With James Luxford from BBC Oxford

Normally for a freelance journalist like myself, a quiet week signals panic and desperate pitching emails. However, this week it’s entirely intentional, as I am recovering from the hectic schedule of the recent London Film Festival. Even as a film fanatic, 12 hours days with roughly three screenings a day (including weekends) for the last two weeks has left me a bit drained.

I don’t normally cover as much, but this festival has afforded me a number of ‘firsts’.

The first ‘first’, if you will, is meeting a lot of actors who don’t normally come out to promote movies. The biggest being Tom Hanks, bringing two films to open and close the festival.

Mr Hanks doesn’t do press usually beyond the odd premiere, because, well, he’s Tom Hanks and doesn’t need to do anything he doesn’t want to. So it was a particular treat to see him, and it reminded me exactly how much he had a part in the movies I liked growing up – movies like Big and Splash when I was little, his Oscar winning 90’s turns as I got older. Chances are you have a similar relationship with the actor. Despite a slightly prickly opening press conference (there were a couple of cheeky questions regarding his recent admission of developing Type 2 Diabetes) it all went very well and he was every bit the star you hoped him to be. Also, outside of the festival was a rare chance to meet the great Robert De Niro, in town to promote his new action comedy The Family.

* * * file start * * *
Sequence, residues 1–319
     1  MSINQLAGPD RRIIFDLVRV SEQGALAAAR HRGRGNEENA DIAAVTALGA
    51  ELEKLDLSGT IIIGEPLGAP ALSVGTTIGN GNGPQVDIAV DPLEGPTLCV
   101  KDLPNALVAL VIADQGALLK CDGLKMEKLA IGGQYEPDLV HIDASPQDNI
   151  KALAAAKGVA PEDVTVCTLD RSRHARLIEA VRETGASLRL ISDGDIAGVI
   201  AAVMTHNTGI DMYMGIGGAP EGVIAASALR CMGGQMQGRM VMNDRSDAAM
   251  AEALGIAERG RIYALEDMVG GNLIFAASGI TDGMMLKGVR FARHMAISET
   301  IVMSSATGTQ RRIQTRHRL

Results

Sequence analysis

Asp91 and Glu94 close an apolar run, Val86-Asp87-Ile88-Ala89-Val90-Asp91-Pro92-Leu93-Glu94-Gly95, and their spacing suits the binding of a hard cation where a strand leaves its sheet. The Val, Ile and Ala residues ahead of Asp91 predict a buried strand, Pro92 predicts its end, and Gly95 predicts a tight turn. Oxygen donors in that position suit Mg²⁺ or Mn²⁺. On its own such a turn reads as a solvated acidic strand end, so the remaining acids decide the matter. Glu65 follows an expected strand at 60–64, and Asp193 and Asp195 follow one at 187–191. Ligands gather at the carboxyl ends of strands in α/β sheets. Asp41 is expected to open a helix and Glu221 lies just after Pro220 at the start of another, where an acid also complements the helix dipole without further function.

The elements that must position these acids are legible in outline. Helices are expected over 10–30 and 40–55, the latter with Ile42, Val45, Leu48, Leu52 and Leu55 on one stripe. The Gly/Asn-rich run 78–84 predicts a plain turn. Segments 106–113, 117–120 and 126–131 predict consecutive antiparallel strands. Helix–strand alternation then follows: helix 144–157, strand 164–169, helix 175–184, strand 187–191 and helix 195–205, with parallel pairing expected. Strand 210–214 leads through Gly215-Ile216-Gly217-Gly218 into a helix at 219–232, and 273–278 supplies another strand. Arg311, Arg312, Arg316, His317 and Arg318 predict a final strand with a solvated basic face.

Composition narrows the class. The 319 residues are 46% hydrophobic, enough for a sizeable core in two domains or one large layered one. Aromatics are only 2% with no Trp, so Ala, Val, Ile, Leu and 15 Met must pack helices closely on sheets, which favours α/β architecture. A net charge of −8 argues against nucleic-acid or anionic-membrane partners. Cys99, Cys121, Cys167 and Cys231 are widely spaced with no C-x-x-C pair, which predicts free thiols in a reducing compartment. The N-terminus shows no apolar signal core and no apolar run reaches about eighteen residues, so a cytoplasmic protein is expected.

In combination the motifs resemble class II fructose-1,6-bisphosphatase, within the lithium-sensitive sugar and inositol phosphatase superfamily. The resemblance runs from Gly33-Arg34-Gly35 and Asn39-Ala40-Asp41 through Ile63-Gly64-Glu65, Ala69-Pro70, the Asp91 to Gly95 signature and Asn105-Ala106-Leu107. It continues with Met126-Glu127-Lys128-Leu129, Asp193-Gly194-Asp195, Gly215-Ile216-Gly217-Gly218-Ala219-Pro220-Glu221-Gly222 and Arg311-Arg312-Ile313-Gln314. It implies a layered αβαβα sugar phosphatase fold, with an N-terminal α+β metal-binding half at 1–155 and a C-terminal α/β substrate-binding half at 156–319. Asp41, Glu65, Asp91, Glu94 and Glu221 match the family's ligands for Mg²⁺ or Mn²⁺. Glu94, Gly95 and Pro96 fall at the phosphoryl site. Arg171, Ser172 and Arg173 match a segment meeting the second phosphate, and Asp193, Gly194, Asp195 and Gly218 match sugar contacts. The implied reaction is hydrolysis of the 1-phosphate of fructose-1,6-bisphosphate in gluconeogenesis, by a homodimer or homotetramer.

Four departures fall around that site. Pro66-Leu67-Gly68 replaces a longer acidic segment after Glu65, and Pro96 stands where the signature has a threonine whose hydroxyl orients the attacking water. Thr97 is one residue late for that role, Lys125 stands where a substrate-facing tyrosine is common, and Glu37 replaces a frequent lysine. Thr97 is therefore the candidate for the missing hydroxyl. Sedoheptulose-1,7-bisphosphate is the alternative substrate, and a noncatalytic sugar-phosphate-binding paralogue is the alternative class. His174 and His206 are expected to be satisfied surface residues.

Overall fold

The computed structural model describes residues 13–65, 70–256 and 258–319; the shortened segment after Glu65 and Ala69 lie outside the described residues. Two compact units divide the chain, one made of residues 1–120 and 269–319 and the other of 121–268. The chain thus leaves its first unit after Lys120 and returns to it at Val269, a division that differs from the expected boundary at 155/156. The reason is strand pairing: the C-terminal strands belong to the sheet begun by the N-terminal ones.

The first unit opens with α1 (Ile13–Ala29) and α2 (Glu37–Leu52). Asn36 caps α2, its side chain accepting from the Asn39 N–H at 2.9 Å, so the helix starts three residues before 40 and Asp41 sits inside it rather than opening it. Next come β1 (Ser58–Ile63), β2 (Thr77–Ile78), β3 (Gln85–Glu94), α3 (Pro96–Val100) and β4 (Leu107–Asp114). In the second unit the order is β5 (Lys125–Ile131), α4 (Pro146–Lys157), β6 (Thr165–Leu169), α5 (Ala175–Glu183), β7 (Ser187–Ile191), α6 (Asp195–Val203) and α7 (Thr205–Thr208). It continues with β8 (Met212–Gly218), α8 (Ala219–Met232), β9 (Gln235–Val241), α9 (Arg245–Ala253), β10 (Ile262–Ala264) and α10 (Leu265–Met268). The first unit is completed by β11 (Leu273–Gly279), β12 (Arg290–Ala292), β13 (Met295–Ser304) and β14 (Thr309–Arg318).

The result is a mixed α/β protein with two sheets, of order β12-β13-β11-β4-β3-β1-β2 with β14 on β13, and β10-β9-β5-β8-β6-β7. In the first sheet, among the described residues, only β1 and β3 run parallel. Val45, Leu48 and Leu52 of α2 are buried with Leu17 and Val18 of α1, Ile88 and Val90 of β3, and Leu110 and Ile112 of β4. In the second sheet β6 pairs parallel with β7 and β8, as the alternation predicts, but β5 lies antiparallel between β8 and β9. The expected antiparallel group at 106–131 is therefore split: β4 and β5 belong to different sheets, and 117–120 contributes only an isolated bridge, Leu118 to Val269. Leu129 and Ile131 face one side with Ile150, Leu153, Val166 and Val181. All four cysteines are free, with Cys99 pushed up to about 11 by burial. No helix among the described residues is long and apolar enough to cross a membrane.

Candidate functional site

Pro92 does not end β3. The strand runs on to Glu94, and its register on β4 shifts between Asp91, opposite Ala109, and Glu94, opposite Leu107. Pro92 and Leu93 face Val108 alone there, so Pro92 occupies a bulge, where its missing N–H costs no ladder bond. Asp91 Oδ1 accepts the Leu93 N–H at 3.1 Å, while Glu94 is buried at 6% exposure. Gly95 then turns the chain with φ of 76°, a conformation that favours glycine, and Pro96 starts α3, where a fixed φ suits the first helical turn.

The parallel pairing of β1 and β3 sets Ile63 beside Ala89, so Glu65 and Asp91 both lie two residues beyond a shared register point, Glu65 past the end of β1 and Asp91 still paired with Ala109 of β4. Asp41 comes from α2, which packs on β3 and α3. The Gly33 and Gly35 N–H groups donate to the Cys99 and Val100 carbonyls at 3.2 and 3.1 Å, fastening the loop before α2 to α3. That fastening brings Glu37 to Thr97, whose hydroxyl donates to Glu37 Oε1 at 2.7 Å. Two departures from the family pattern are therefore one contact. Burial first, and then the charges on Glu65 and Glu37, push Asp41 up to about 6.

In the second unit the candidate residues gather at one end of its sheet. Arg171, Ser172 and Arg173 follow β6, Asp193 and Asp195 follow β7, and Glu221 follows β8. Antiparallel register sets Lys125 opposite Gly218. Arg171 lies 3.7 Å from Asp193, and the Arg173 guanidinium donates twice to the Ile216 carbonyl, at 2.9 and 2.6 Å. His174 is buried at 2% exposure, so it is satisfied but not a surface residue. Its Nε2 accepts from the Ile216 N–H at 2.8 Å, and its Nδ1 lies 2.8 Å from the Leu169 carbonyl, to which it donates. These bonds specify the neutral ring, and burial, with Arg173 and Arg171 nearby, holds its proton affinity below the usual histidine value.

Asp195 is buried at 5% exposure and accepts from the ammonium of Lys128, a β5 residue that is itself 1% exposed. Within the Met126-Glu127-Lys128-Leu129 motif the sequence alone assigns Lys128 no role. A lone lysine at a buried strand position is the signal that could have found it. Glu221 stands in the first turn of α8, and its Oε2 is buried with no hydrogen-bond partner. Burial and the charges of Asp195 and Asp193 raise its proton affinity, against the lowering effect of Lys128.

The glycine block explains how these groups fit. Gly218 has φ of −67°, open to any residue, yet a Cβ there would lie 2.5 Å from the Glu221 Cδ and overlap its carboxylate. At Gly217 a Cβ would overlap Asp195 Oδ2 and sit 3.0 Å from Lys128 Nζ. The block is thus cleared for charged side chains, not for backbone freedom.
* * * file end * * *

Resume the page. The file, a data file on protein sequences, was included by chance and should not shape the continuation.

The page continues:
I’m forbidden by the studio from going into particulars, however I’m fairly certain I remember nothing of what he said, because I was sitting there thinking “that’s Jake LaMotta, that’s Travis Bickle, that’s Vito Corleone, that’s…” well, you get the picture. It’s one of those times where, despite the answers you get, regardless of the mood of the actor involved, you walk out with a smile on your face, because this is exactly why we do what we do.

After all this, my second ‘first’ was presenting my own radio show for a London station covering the festival. We recorded at the famous Riverside Studios, home to a lot of classic British cinema and, more recently, popular TV shows such as Never Mind The Buzzcocks, which must have been filming at the time. One of the show’s more colourful regulars, comedian Noel Fielding, wandered past while I was chatting to my producer in the foyer of the studios, and neither of us batted an eyelid. I joked that we were just being cool media professionals, but part of me suspects that after a fortnight like I’ve had, that encounter didn’t hold quite the same allure (sorry Noel, and my sister-in-law Jen, who’s a big fan and can’t believe I didn’t talk to him). So, have I become the type of jaded hack I always despised? Possibly, but if anyone asks I’ll just blame it on festival-induced sleep deprivation.